We woke up early the next morning and I found this cute grasshopper on the bathroom door! Today we headed to Sossusvlei an area of red sand, gigantic dunes and searing heat. It reminded me of a mix between Uluru and the dunes of Dubai whilst remaining unique in the atmosphere it created. We drove into the desert, dunes surrounding us on both sides until we reached a point that the lando couldn’t manoeuvre. We jumped into 4X4 that took us over soft, bumpy, sand ways until we reached the walking point to Deadvlei.
Deadvlei is a very unusual area, unlike anywhere else I have seen. It is a white clay pan which is home to numerous peculiarly shaped dead acaia trees. The trees died around 600-700 years ago and now the skeletons are all black, scorched by the sun. They don’t decompose because it is so dry in the area.
Three of the guys and one of the girls in our group decided to climb the face of the 350m Big Daddy dune which was no mean feat. After about fifteen minutes, the boys made it to the top with massive cheers from us all on the ground!
The most infamous dune in the area is also the most photographed dune in the world: Dune 45. It got its name due to the fact it is 45 km from the start of the dunes and it is also number 45 in the numbering system of the dunes. You are able to walk the ridge of this star dune and the views from the top are just spectacular.
Before reaching our camp for the night we made a quick pit stop at Sesrium Canyon, taking a short walk down into the bottom of 30m deep canyon. Our next campsite was fairly basic with limited electricity and water however none of that mattered when shortly after dark, their watering hole was visited by a big herd of zebra. We sat there quietly watching them take turns to drink. That night, we could also hear their neighs in the distance and their hooves as they galloped around – a very unique night!
The next day took us over the Tropic of Capricorn and into moonland with lots of rocks and quartz until we finally made it to Swakopmund.
Swakopmund is the adventure capital of Namibia with dune quad biking, sandboarding and skydiving as the key highlights. We opted to pass on these activities as we had done them before elsewhere and we wanted to save some pennies for some other activities coming up. What we did opt to do was make use of the two nights in Swakopmund to really relax and rejuvenate ourselves for the next part of the trip… so we booked into a hotel for two nights! It was well needed and we were full of energy and ready to get back to our tent the next day.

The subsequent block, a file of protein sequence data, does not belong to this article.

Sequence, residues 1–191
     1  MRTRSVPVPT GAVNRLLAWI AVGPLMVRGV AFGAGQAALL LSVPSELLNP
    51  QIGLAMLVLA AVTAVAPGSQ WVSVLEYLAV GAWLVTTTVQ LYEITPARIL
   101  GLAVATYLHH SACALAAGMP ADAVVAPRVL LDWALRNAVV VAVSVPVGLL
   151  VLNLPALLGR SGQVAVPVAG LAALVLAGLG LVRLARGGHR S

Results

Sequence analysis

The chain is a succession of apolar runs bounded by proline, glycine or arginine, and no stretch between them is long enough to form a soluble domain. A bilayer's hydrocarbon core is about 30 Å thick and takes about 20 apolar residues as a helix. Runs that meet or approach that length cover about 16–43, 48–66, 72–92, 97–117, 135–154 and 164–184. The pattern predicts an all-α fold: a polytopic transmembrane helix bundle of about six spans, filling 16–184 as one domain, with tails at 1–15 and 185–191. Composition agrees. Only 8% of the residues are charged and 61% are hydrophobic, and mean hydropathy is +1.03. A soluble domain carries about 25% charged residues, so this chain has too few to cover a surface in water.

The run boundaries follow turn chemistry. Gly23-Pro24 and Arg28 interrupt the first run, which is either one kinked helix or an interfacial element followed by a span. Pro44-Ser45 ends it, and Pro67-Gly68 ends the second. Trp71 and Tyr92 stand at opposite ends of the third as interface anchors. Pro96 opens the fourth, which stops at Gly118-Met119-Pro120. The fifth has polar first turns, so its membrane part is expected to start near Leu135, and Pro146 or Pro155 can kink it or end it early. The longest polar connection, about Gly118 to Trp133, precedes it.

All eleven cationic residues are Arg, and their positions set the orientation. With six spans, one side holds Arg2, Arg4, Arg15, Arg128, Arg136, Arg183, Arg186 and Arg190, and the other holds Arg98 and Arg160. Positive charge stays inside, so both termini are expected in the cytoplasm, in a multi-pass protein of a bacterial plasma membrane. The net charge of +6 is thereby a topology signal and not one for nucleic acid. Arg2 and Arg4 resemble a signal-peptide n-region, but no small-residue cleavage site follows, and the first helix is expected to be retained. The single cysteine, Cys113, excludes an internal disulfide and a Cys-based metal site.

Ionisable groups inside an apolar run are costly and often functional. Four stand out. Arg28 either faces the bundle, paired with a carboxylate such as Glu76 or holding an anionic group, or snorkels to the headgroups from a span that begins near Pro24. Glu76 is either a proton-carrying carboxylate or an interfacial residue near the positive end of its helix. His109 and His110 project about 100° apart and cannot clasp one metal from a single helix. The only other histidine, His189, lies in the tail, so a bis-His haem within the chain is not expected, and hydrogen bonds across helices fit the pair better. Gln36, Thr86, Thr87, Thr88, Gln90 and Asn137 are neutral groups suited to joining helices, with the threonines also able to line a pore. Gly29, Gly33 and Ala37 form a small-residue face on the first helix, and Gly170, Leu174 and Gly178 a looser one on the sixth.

The drive from Swakopmund to Spitzkoppe (meaning pointed dome) was fairly short so we arrived with plenty of time to enjoy our next campsite. This was basic bush camping so long drop toilets and no water or showers. The landscape was almost mars like with its vast desert like plains and big rocky boulders. Both sunset and sunrise were beautiful as the sun bounced off the rocks creating a warming orange glow around us.
After a short drive through Damaraland we arrived at the Damara Living Museum. This open air area is not so much a museum but more an interactive exhibition on the life of the Nama people. We were shown around the small “village” by an enthusiastic guy who is from the Nama tribe. Each area showed how the Nama people used to live – a jewellery making station, a tool making station, a medicine lady with traditional herbal cures and we learnt how to make fire the Nama way. It was cool to see how these people used to live but it did seem very touristic and that this was just a way for them to make money. And it is. Because they can no longer live off the land as all hunting has been banned. Therefore, they have to find other ways to make ends meet and this is one of them.
Our last two days took us to Etosha National Park where we went on a couple of game drives in the lando. It wasn’t quite the same experience as in an open safari vehicle but we still saw lots of zebras and buffalo. We learnt that the zebra and buffalo have a symbiotic relationship whereby they the buffalo have good sight and the zebra have good smell and hearing so they work together to migrate and ensure they make it safely to the same points each year. On our afternoon drive we even got to see a small pride of lions taking a rest in the shade of a tree.
Finally, we finished up in Windhoek where we said good bye to a few of the group, with six new people joining, before the rest of us carried on to make our way to Victoria Falls.